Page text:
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Team Australia rows alongside Team Britain in the women's eight heat at Eton Dorney during the London 2012 Olympic Games July 29, 2012.

DARREN WHITESIDE/REUTERS

When it comes to rowing, Canadian women's rowing coach Al Morrow has been there, done that and gone back again for more medals.

With uncertain weather conditions forecast for the rest of this week at the 2012 London Games and the cross-winds at Eton Dorey, Morrow was musing Sunday whether or not FISA, the world governing body for rowing, might have to dust off some seldom-used rules.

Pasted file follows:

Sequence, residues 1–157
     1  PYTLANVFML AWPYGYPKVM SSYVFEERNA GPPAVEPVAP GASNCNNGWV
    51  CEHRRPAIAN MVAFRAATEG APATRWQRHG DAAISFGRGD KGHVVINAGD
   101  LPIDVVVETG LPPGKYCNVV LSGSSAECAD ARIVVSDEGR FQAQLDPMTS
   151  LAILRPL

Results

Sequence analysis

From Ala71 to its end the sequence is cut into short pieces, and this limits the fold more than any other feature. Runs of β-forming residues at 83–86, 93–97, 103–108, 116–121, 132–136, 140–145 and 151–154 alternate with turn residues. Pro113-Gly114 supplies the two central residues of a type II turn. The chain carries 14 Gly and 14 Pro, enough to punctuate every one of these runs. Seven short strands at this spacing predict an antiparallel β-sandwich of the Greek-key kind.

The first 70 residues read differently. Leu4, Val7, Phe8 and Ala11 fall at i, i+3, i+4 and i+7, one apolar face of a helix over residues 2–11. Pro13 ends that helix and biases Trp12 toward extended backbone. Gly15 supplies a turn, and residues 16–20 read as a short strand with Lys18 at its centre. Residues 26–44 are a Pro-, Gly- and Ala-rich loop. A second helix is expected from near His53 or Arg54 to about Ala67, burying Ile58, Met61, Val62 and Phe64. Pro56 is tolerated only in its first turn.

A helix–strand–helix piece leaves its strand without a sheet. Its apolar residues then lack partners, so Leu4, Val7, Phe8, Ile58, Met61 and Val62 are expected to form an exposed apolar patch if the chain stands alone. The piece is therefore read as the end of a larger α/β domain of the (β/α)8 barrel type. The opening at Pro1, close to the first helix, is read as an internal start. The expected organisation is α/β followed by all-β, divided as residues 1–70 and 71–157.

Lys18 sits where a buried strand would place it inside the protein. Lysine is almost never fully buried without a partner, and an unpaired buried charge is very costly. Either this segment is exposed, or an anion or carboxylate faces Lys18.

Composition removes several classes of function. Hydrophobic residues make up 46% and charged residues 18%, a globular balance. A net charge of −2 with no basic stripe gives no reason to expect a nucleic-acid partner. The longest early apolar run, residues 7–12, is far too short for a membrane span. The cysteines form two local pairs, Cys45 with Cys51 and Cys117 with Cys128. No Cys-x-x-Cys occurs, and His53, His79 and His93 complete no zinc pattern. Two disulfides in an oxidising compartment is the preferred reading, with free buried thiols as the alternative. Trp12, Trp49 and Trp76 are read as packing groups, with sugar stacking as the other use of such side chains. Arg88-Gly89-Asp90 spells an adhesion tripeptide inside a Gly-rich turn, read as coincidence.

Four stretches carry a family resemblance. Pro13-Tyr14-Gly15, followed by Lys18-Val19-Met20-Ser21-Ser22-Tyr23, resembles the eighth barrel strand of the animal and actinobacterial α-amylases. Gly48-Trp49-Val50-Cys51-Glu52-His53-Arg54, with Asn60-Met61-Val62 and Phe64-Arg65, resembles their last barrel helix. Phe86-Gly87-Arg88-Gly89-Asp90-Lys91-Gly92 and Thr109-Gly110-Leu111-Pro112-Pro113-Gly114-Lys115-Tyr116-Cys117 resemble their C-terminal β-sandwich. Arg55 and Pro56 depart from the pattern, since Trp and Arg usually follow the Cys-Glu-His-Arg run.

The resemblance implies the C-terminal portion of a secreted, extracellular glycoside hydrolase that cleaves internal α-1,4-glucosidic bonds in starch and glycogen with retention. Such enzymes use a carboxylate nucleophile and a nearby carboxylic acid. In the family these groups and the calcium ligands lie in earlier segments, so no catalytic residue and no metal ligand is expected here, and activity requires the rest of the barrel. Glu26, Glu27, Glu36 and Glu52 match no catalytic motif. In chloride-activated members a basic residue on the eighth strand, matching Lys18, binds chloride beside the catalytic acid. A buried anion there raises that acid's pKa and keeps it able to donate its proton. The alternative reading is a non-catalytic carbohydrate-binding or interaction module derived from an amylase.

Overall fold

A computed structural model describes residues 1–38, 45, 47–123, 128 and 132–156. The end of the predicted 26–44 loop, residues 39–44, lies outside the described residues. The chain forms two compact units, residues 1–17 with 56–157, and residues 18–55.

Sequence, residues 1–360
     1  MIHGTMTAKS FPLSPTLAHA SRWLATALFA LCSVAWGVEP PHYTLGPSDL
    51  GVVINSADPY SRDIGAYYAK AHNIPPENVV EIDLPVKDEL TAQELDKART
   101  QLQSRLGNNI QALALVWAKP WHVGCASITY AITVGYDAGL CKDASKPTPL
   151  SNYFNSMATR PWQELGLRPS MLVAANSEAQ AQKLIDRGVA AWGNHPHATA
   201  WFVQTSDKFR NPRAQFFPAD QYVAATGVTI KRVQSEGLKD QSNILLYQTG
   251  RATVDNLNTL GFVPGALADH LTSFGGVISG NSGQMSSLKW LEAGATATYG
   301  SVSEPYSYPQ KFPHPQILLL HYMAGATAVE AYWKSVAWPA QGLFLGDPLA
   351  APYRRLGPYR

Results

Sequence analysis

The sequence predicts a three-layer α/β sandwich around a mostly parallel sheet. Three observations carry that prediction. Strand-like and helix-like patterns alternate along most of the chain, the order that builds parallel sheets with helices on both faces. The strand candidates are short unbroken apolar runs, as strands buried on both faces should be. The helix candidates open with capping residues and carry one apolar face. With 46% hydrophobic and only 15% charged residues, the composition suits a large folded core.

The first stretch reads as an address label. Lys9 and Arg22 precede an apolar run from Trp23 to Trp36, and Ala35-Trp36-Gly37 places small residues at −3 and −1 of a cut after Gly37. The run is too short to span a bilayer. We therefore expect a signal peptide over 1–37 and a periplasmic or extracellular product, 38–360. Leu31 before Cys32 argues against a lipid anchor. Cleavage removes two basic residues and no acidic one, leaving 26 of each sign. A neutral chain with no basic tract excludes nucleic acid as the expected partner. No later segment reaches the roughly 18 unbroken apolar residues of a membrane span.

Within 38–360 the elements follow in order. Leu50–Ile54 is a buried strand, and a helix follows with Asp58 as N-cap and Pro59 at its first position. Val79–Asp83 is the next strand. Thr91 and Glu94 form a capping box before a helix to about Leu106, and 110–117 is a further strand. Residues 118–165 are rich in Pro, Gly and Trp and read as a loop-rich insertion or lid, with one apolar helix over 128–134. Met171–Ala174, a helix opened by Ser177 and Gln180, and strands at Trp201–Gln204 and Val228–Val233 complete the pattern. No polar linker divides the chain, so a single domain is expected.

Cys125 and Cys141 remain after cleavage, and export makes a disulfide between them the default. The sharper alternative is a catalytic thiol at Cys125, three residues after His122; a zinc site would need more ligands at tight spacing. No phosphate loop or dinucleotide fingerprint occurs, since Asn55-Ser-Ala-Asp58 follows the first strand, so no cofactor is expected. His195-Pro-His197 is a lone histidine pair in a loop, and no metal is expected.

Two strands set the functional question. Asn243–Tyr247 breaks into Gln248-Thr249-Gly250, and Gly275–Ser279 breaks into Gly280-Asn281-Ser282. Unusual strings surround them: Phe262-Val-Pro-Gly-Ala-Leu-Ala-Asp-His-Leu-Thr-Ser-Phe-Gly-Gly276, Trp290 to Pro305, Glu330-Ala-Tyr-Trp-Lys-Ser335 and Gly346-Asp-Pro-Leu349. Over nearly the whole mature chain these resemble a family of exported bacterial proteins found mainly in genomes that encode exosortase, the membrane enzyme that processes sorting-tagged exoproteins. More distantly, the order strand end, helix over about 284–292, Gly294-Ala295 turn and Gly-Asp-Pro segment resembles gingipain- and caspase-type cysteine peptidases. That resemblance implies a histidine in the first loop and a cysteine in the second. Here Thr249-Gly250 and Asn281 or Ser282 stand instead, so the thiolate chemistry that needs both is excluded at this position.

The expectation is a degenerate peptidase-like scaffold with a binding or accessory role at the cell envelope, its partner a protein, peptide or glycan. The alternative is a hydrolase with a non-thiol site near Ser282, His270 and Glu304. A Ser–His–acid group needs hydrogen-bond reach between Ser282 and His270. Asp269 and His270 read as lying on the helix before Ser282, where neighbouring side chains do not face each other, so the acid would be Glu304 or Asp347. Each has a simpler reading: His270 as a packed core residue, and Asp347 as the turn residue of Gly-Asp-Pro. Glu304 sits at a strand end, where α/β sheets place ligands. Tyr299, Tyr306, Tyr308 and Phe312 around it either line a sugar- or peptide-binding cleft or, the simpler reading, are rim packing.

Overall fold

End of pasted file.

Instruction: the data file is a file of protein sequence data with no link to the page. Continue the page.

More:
"They have a whole series of things that will kick in if there's unfair lanes," said Morrow. "Let's say if you have a really bad cross-wind from one side, it could be calm and protected on one side and very rough on the other. So they have a fairness committee that meets every five or 10 minutes to decide if a lane is fair. They could ask for a two-hour delay, a half-hour delay. We've built into our schedule time to take a whole day off – that could be a lightning storm as well as winds – and another option is to put the fastest qualifiers on the calm side and reward them. Worst case scenario, they could reduce the race to 1,000 metres or to single-lane racing, which we call 'head style,' or a time trial. These are things way down the list that are terrible for the spectators, media and rowers, but they're there to create fair racing."

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